Posts Tagged ‘new zealand’
Whittaker’s Passion for Chocolate
By J. H. Whittaker & Sons Ltd · Reviewed by Andy Heyward
The very instant I picked up this book I wanted to eat it. The book is so sumptuous looking I was tempted to lick the pages. The rich chocolatey brown and sepia tones, coupled with the golden inlay and type, made me feel like Charlie from Charlie and the Chocolate Factory carefully peeling back the cover to show a hint of gold below. Holding and reading this book is a treat in itself, let alone actually making the recipes.
Whittaker’s Passion for Chocolate boldly declares in its introduction that it has been over 100 years in the making. It begins with the family history, starting in England in 1890 and moving through the generations of family involvement to the present day – the company having operated in New Zealand since 1896. There is the story of chocolate and handy tips on choosing and melting chocolate, but what I really want to do is get stuck into the recipes.
The book features recipes from some of New Zealand’s finest chefs as well as selected submissions from its extensive Facebook fan base, including a tried and true fudge recipe by our very own Ana Lydiate, also known as Ami Ana.
Choosing what to make is difficult as it all looks so good. The generous and beautifully photographed recipes make it so much harder. If you have any type of chocolate addiction this book will make you salivate uncontrollably and, a bit like a Labrador dog watching you eat a chop, drool will slide out of the side of your mouth as you turn each page.
As it was my mother’s birthday, I decided to invite her to dinner and make a couple of recipes out of the book. I came across a recipe by chef Marc Soper which I decided to make as a main. I had great pleasure in announcing that I was creating lamb rump with rosemary-infused Whittaker’s Dark Ghana sauce, served with carrot and mango julienne, green beans, turnips and olive and grape salsa.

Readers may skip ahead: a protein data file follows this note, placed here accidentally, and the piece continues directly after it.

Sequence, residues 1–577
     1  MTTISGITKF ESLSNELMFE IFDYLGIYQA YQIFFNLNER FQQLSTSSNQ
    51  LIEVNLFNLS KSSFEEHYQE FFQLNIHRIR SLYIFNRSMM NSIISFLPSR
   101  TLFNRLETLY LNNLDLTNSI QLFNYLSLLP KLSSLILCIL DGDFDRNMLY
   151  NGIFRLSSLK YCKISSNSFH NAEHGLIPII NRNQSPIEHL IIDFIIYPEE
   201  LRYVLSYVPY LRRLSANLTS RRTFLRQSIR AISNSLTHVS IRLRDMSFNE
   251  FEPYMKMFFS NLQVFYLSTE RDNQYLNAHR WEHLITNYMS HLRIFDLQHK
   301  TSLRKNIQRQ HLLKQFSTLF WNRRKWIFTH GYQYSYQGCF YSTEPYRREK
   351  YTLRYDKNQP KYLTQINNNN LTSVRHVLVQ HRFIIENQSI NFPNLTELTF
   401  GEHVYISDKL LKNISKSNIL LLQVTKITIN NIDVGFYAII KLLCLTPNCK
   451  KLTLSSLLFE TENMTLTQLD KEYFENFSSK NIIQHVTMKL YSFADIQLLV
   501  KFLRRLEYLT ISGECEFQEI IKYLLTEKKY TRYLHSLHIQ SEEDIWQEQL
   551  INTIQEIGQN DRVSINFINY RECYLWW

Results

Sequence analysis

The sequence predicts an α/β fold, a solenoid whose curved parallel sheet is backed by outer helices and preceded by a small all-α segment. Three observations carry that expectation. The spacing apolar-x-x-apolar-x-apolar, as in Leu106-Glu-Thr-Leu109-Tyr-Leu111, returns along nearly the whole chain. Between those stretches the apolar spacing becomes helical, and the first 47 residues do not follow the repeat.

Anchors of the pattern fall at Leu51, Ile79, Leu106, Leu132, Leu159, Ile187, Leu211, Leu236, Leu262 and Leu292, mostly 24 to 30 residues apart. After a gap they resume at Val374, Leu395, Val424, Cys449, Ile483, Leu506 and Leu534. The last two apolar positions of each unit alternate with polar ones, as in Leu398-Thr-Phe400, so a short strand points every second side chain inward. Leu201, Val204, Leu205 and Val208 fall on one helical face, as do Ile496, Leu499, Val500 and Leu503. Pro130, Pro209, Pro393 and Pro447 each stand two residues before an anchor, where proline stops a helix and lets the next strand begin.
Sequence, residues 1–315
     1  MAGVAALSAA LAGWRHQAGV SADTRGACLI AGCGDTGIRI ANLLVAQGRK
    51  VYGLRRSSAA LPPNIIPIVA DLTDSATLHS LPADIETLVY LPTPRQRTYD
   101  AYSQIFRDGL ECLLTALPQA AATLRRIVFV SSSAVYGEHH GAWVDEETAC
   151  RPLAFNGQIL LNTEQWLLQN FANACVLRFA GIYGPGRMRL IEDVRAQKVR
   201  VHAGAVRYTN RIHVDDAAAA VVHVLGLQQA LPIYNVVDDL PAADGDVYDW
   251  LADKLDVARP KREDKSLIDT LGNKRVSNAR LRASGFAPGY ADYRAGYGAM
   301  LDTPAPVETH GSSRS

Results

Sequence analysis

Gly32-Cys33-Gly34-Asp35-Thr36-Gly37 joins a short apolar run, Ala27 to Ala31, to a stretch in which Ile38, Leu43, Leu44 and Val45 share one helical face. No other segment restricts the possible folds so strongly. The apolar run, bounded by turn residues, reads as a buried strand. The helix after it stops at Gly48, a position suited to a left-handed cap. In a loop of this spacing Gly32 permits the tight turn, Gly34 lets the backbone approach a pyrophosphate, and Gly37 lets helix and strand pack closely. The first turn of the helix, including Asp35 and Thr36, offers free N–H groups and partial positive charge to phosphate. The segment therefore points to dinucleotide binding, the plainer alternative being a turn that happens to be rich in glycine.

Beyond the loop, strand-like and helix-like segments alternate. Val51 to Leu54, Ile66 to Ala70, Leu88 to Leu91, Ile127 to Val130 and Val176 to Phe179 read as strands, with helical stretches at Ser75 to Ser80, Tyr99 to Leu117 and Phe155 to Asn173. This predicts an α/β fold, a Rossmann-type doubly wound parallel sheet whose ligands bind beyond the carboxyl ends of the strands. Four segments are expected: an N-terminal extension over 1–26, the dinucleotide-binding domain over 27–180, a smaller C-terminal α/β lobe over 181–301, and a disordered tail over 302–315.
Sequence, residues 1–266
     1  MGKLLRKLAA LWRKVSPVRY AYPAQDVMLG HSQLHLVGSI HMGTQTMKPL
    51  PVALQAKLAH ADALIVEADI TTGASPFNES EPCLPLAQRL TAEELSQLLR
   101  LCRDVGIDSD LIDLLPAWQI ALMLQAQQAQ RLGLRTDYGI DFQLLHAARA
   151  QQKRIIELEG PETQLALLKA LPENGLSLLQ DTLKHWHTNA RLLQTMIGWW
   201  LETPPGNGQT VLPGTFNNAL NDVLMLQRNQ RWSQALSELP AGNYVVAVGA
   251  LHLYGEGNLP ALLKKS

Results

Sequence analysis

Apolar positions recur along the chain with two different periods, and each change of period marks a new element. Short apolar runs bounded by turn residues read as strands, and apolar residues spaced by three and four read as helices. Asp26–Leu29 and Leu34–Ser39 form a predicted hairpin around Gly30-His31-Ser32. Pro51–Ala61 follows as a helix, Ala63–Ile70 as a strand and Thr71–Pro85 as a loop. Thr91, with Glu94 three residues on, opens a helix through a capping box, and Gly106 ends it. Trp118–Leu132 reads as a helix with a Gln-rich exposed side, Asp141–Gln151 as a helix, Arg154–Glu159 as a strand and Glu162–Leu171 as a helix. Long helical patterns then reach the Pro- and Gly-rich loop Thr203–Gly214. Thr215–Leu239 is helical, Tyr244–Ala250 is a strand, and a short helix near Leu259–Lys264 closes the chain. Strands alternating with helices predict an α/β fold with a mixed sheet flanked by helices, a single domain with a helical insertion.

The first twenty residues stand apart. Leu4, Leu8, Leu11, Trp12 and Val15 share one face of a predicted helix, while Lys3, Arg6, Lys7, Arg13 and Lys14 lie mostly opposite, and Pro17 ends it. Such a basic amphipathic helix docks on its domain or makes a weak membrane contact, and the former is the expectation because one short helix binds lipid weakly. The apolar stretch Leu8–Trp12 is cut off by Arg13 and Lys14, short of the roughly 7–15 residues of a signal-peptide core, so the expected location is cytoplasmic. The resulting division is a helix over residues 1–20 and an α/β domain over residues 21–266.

Not having a lamb rump on hand I substituted it for a leg of lamb and set to making this dish – it turned out delicious (and not too difficult) with many compliments from my family, the kids especially smitten with putting chocolate sauce on their meat. For pudding I chose to make an equally tasty chocolate and raspberry brownie by submitter Jo Knowles. Served with whipped cream and fresh coffee, this went down well and earned good-son points for me.
More than just a recipe book that gets put on the shelf, Whittaker’s Passion for Chocolate sits equally well on the coffee table and will lure the wary into a path of chocolate desire, containing enough history and facts to make a casual and informative read and enough recipes – ranging from marbled chocolate meringues and cinnamon cardamom blondies to white chocolate and macadamia cheesecake – to satisfy the hungriest of chocolate lovers.
Watch out chocolate-induced coma – here I come.
Andy Heyward is Director of Possibilities at Fat Spatula. A graphic artist, he also paints as a creative release from his other serious and stressful positions of being President of the Haumoana Lemon Marketing Board and founding member of the Haumoana Men’s Knitting Club.
I still remember the thrill of being allowed to look through my mother’s wardrobe of home-sewn clothes when I was a little girl. Being allowed to touch the fabrics and try on the odd piece was a formative experience in retro dress-ups, I think. As a fashionable young woman, my mother had sewn most of her own outfits: party frocks with fitted bodices and flared, flirty skirts, neat little shift dresses, and tailored, timeless Chanel-style suits.
Home Sewn begins with a brief historical overview that places these homemade treasures in their Kiwi context, making the point that in New Zealand (until, arguably, the last quarter of the twentieth century) if stylish, individual clothes were desired, most women had to make them for themselves.